Editorial: Local group offers funds to more than just recent grads
As the state pushes to meet Governor Bill Haslam's "Drive to 55" initiative, which seeks to bring the percentage of Tennesseans with college degrees or certifications to 55 percent by the year 2025, there's a portion of the population that's often forgotten.
The availability of grants and scholarships for college are widespread for the graduating high school senior, but older adults who wish to go back to school are often left searching for help.
One local group is seeking to make its scholarship offerings more open those non-traditional students.
The Smoky Mountain Sevier Chapter of the American Business Women's Association (ABWA) offers its yearly scholarship not only to girls graduating from local high schools, but by older women seeking to either go back to college or start their higher education for the first time.
It's a worthy cause. By aiming a portion of its funding for this underserved population, ABWA is helping people improve their quality of life through education.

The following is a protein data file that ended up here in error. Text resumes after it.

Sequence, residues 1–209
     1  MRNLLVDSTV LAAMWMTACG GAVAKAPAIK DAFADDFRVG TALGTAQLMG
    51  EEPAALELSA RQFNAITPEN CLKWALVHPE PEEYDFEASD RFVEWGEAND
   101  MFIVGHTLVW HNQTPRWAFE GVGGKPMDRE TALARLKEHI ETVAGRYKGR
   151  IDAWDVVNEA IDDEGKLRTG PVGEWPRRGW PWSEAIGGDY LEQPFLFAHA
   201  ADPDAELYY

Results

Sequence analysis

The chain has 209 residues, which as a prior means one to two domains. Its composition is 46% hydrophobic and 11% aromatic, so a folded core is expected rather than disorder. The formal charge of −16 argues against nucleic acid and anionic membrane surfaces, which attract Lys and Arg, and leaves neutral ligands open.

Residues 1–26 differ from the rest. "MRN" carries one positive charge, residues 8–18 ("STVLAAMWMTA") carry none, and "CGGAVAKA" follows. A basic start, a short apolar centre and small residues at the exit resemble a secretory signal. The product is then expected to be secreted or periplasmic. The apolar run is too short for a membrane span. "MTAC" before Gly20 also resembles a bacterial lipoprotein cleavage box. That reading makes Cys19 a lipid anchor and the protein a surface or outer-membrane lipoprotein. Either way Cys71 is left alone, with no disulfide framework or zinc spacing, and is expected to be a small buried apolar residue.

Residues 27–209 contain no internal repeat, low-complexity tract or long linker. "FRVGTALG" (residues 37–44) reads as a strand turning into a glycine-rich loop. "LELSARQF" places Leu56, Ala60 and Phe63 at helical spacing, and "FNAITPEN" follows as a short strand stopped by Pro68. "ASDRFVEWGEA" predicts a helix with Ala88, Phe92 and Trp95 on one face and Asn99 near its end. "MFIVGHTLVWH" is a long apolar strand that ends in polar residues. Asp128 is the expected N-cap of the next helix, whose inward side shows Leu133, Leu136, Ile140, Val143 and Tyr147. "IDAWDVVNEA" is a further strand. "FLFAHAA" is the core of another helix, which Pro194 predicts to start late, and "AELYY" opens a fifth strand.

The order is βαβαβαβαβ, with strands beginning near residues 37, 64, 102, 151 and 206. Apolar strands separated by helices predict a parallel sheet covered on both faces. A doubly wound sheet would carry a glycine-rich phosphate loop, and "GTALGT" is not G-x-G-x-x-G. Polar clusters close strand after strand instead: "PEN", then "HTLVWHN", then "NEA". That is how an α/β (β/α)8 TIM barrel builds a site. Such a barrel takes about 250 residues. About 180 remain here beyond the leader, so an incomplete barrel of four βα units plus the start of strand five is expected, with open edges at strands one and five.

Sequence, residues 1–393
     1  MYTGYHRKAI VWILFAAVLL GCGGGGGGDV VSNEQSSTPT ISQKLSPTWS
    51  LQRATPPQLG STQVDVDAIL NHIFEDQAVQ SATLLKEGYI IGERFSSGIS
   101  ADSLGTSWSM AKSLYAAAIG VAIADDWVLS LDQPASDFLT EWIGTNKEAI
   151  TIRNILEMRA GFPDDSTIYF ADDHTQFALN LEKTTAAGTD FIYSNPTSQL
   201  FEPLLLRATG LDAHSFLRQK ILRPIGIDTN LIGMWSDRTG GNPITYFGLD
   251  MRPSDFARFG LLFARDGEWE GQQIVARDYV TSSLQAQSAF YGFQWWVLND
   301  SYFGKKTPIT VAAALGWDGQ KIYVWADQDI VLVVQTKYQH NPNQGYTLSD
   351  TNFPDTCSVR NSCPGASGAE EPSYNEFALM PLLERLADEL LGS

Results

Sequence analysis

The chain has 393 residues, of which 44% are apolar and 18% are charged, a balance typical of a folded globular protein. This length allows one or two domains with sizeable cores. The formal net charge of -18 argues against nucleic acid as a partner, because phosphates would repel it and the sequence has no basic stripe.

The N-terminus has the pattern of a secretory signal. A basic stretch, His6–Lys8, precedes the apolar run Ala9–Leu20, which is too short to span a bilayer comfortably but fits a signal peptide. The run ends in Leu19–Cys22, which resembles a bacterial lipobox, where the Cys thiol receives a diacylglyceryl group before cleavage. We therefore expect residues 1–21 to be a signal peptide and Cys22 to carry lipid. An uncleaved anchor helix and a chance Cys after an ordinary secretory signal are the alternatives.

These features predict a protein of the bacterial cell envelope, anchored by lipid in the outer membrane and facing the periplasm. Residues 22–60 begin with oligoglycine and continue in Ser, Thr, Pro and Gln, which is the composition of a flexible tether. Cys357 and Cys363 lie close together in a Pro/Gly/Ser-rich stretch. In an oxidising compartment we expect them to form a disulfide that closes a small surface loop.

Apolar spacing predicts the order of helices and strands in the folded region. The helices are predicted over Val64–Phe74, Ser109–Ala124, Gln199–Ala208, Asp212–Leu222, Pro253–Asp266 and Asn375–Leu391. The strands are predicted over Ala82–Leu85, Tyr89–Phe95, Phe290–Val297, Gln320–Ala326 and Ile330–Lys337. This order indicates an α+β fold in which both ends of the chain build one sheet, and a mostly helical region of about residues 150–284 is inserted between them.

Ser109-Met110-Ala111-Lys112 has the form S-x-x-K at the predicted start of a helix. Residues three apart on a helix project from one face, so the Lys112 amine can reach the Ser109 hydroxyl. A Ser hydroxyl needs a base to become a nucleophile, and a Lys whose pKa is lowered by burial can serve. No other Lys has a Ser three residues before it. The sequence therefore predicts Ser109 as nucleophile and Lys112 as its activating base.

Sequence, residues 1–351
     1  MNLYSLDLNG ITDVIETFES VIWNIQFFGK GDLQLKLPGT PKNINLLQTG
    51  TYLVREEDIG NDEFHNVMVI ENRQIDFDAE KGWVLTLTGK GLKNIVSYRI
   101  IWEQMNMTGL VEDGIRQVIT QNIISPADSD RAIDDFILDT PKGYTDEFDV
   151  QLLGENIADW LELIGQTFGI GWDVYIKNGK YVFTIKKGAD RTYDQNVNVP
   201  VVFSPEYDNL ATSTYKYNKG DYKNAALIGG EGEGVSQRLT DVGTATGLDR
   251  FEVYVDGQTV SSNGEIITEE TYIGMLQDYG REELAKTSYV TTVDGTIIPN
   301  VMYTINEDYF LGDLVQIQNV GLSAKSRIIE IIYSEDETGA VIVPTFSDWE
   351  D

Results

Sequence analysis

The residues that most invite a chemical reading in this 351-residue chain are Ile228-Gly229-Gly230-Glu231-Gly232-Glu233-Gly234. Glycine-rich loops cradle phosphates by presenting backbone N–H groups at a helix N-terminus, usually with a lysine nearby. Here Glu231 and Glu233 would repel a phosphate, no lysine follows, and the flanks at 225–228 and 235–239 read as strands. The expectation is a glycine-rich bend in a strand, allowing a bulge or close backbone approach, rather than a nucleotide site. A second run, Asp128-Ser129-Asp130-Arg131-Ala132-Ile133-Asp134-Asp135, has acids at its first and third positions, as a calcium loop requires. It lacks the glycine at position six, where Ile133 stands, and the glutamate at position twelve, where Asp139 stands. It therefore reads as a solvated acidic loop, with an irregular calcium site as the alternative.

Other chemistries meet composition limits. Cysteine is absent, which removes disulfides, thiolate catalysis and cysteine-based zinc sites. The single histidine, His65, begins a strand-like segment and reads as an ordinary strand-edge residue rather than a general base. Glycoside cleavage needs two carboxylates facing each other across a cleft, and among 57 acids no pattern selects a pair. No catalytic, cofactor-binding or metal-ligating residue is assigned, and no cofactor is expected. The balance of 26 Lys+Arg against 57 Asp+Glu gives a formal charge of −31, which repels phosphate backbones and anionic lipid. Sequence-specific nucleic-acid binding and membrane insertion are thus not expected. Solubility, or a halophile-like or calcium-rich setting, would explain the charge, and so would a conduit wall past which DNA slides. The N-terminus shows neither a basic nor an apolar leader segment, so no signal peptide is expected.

"Typically, the non-traditional student is very limited on funding opportunities as scholarship dollars are not as readily available as they were upon high school graduation," Tammy S. Johnson, of the local chapter of ABWA, said.
Currently, the group funds five scholarships — three for $2,000 and two more $1,000 scholarships. The scholarships have different criteria and take into account the student's classification (junior, senior, etc.).
While that amount may not fully fund the tuition for a student, it would certainly be a great help for someone struggling to climb the mountain of expenses related to college.
Money for the scholarship is raised through the group's annual basket auction. It will be held this year at the Holiday Inn in Pigeon Forge on Saturday, April 5.
More details about both the available scholarships and the fundraiser can be viewed at abwasevier.org.